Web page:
In Matthew 10:5-6, Jesus tells his twelve disciples, “Do not go into the way of the Gentiles, and do not enter into any city of the Samaritans—instead, go to the lost sheep of the house of Israel.”

In Matthew 15:24, Jesus says, “I am sent only to the lost sheep of the house of Israel.”

So both of these passages portray Jesus as confining his teaching only to the Jews.

And yet, in Matthew 28:18-20, Jesus says, “All power is given to me in heaven and in earth. Thus, go you [disciples] and teach all nations, baptizing them in the name of the Father, Son, and Holy Ghost, teaching them to observe all things I have commanded you: and, lo, I am with you always, even unto the end of the world. Amen.

And in Mark 16:15, he says, “Go you into all the world, and preach the gospel to every creature.”

Seven Earths?

In Qur’an 65:12, it says, “It is God who has created seven heavens, and of the earth the like thereof.”

And yet, there is no scientific evidence that there are seven earths.

Gospel Genealogy Contradictions

One very obvious contradiction between the Four Gospels is the differing genealogies of Jesus contained in the Matthew and Luke.

In Mathew 1:2-16, Jesus’s genealogy is from Abraham, and from David to Jesus goes like this: David, Solomon, Roboam, Abia, Asa, Josaphat, Joram, Ozias, Joatham, Achaz, Ezekias, Manasses, Amon, Josias, Jechonias, Salathiel, Zorobabel, Abiud, Eliakim, Azor, Sadoc, Achim, Eliud, Eleazar, Matthan, Jacob, Joseph, Jesus.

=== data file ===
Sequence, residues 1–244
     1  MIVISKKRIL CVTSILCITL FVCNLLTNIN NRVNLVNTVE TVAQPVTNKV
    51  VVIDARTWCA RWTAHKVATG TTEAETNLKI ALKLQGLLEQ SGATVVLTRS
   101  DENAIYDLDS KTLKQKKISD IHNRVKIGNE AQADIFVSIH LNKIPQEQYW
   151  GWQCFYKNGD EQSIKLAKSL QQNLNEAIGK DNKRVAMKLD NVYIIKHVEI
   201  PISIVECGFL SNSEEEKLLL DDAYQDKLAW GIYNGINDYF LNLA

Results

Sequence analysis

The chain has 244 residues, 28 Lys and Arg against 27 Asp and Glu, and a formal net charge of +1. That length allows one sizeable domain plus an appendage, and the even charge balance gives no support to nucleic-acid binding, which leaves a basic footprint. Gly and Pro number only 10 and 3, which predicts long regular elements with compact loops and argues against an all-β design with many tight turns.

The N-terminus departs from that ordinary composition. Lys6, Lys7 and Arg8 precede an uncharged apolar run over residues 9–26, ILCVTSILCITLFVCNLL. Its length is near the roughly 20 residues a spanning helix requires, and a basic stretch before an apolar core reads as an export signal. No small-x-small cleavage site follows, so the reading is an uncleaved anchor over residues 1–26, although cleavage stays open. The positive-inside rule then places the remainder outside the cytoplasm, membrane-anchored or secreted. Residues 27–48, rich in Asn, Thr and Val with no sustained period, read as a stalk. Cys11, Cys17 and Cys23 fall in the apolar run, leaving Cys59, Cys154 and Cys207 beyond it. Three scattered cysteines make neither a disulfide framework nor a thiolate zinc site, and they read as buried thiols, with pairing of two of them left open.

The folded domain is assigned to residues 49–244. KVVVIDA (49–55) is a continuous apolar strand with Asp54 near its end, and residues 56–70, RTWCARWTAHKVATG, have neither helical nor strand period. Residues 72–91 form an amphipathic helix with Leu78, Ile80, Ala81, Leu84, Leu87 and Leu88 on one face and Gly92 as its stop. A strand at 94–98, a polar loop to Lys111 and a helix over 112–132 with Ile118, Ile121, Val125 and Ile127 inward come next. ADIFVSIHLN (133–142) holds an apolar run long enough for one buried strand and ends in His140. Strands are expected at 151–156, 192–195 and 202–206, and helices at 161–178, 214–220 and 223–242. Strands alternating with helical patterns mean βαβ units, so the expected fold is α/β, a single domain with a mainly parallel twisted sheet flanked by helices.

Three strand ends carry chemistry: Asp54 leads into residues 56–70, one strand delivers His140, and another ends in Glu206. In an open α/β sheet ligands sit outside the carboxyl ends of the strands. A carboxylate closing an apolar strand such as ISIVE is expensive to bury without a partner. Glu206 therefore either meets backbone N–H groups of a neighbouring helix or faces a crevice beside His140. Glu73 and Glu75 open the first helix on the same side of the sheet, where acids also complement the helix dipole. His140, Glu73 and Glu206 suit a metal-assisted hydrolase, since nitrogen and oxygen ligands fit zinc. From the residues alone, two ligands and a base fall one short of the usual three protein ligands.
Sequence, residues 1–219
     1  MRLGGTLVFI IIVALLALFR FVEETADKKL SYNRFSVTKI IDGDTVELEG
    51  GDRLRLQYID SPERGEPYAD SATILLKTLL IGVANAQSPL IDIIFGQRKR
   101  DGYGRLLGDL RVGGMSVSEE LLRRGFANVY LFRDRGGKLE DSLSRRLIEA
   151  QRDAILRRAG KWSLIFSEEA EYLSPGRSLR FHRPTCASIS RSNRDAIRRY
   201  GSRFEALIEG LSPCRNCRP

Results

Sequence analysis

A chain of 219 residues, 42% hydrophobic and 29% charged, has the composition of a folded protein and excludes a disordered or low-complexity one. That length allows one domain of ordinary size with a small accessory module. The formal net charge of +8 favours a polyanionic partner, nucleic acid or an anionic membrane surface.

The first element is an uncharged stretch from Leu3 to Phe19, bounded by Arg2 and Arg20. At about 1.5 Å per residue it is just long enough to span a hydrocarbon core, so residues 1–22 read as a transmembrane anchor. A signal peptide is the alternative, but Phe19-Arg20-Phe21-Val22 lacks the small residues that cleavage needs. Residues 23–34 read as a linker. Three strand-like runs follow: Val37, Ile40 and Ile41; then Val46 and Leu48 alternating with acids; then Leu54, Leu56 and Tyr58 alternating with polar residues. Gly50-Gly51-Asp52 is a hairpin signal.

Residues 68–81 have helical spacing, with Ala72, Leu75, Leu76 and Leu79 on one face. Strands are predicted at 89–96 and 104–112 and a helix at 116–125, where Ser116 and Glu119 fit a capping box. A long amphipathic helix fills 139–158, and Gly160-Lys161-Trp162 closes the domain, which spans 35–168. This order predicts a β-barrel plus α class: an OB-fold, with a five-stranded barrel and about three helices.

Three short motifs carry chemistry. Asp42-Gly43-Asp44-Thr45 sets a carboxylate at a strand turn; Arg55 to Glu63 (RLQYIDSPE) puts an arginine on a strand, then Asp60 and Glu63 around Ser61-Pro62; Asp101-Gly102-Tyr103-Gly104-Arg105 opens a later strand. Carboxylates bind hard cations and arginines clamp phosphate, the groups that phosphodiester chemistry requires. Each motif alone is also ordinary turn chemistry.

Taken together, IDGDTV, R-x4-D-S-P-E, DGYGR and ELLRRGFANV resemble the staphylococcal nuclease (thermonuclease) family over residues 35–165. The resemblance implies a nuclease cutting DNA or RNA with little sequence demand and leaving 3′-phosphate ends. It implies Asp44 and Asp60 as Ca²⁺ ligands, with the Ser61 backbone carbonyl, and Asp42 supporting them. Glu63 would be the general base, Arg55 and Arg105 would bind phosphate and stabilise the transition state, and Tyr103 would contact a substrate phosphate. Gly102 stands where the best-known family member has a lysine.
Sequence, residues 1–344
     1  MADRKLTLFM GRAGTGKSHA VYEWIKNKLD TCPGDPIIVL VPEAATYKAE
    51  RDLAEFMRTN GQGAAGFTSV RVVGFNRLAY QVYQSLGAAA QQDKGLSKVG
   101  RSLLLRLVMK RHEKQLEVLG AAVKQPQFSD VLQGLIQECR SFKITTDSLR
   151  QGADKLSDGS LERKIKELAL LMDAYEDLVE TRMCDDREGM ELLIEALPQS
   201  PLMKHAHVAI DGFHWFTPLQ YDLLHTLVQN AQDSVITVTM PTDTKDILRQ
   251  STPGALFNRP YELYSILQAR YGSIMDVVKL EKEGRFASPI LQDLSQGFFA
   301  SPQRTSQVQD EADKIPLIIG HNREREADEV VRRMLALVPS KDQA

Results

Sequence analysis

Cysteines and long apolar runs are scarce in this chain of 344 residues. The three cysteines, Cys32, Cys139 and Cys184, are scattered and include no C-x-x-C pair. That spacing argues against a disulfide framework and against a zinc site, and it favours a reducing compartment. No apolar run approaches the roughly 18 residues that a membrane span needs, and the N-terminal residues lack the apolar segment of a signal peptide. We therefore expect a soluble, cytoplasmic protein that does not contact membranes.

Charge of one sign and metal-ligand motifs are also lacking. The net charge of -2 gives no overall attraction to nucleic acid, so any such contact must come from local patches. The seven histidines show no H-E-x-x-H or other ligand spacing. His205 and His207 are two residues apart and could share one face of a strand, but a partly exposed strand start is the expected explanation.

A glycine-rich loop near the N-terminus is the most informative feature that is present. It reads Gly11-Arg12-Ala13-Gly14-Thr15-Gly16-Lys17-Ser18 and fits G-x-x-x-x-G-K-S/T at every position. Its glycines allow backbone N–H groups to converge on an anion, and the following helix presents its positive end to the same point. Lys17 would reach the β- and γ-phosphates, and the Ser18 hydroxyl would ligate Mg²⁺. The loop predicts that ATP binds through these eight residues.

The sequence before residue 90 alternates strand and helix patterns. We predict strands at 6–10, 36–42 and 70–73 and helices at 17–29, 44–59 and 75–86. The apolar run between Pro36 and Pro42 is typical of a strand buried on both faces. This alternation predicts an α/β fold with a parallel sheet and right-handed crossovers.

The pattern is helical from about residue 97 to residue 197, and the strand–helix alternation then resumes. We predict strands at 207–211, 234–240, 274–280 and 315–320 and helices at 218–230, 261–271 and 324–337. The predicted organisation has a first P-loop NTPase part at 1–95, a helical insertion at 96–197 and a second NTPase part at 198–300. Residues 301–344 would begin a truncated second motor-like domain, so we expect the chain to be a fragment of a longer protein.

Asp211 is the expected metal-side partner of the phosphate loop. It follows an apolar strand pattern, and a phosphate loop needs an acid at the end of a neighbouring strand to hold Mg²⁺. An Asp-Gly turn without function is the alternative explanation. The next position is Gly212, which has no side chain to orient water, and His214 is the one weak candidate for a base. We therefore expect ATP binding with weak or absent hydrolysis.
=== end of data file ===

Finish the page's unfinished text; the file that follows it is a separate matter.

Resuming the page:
In Luke 3:23-38, it is traced from God and Adam to Jesus, and from David to Jesus goes like this: David, Nathan, Mattatha, Menan, Melea, Eliakim, Jonan, Joseph, Juda, Simeon, Levi, Matthat, Jorim, Eliezer, Jose, Er, Elmodam, Cosam, Addi, Melchi, Neri, Salathiel, Zorobabel, Rhesa, Joanna, Juda, Joseph, Semei, Mattathias, Maath, Naggai, Esli, Naum, Amos, Mattathias, Joseph, Janna, Melchi, Levi, Matthat, Heli, Joseph, Jesus.*

These lists are filled with numerous similarities and differences. And perhaps even more bizarrely, they both trace Jesus’s lineage through Joseph, even though the Gospels state that Jesus was born to Mary as God’s son, and although Joseph was married to Mary, he was not the father of Jesus!

Odds are that Jesus lived, preached in the Roman Province of Palestine, said most of the things attributed to him in the Gospels, had an impact on many Jews and perhaps a few non-Jews, attracted a group of disciples, had enemies, and was arrested by Roman soldiers, put on trial, and crucified on a Roman cross. Most of the rest of the Gospel accounts of him, however, are highly speculative, and will be investigated throughout much of this chapter.

Today, it is almost universally accepted that most of the New Testament was originally written in Greek, which increases the likelihood of inaccuracies, considering that Jesus spoke mainly Aramaic.[2]



[1] For instance, in Genesis 21:23, Genesis 31:13, Genesis 35:1,3, Genesis 43:14, Genesis 46:3, Genesis 48:3, Genesis 49:25, Exodus 15:2, Exodus 20:5, Exodus 34:6

[2] The use of Greek is not surprising considering that it was a fairly common language in the area around Jesus’s time, and even more so not long after his death

John 10:35

Matthew 4:4, 7, 10


Human sources Joshua 10:13, Acts 17:28, 16, 15:33, Titus 1:12


Genesis 5:4


Daniel contains post-Daniel data


Matthew 26:63


John 4:25


II Kings 23: Josiah made a reformation in 621 BC that led to YHWH monotheism.